We’re in the ancient city of Meknes, west of Fez, and we’re standing in front of a huge gate of marble, stone and colorful tiles, and wondering, Now what? The gate, Bab el-Mansour, is enormous, one of the biggest in Morocco, a country with an abundance of massive doors set into thick walls. It’s fabulous, a chunk of history and craftsmanship. But we’re surrounded by honking traffic, gawking tourists, donkey carts and shoppers, plus a horse-and-carriage lineup. We know Meknes has a lot more than this, it’s a World Heritage Site. We need a guide.
There’s never a shortage of guides. Several magically appear, eager to help. We go with Mohammed, a pleasant-faced man who offers a 1-hour tour of the Berber medina for a few dirham, about $5. We traipse after him, across El Hdim square into the winding, narrow streets of the old section, where artists work in little shops. Silk weavers, tile workers, cedar carvers, saddle makers, furniture painters. These are some of the finest craftsman in Morocco, we’ve heard.
Mohammed has another mission: get these tourists shopping. A man who demonstrates a process of engraving silver on metal, called damascene, sells us a little plate, and as we leave Mohammed ducks back to the shop for, he says, “the toilet”–of course it’s his commission. That’s fine with us, it’s helping him and the economy. He hustles us off to fabulous Kilim carpets, embroidered linens, hand-woven scarves. No more sales, but we have a good time admiring the work, and he gets a handsome tip. We end up back on the square sipping mint tea in a cafe and watching the acrobats and musicians.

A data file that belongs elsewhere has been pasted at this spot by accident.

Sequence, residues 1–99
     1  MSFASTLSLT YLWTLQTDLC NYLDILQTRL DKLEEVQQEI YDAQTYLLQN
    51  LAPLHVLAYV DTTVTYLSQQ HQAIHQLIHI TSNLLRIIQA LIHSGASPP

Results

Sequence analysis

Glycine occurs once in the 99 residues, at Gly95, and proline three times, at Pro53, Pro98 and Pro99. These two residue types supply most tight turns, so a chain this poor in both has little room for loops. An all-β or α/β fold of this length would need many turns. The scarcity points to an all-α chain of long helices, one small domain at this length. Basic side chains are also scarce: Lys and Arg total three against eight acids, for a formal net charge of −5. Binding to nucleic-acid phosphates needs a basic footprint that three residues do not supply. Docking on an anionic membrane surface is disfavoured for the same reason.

Meknes was founded in the 11th century. It had water, fertile soil and olive trees, and did well. Then came Moulay Ismail, a sultan with 500 wives and grandiose dreams. Some 250 years ago he built (or rather, his slaves built) miles of walls, huge granaries and stables, stone palaces and gardens. Also some very big arched gates, including Bab el-Mansour. Under the sultan, Meknes became the largest fortified city in North Africa. This man had more power than your average king. Visitors can see the mausoleum where he’s buried, but non-Muslims can only peek at the tomb room.
Moroccan craftsmanship is outstanding. Pottery, gorgeous embroidery, wood carvings, jewelry, stunning carpets and more are on display in the Dar Jamai museum, itself a work of art. Once a 19th-century mansion, it’s elaborately painted and carved, every room a jewel box. And there’s a pretty courtyard garden.
As if architecture and design weren’t enough, Meknes is also known for its wine. The French planted grapes in the early 20th century, and now some good wines are produced here. This is not a common thing in a Muslim country, and we’re happy to find it and taste it wherever wine is allowed.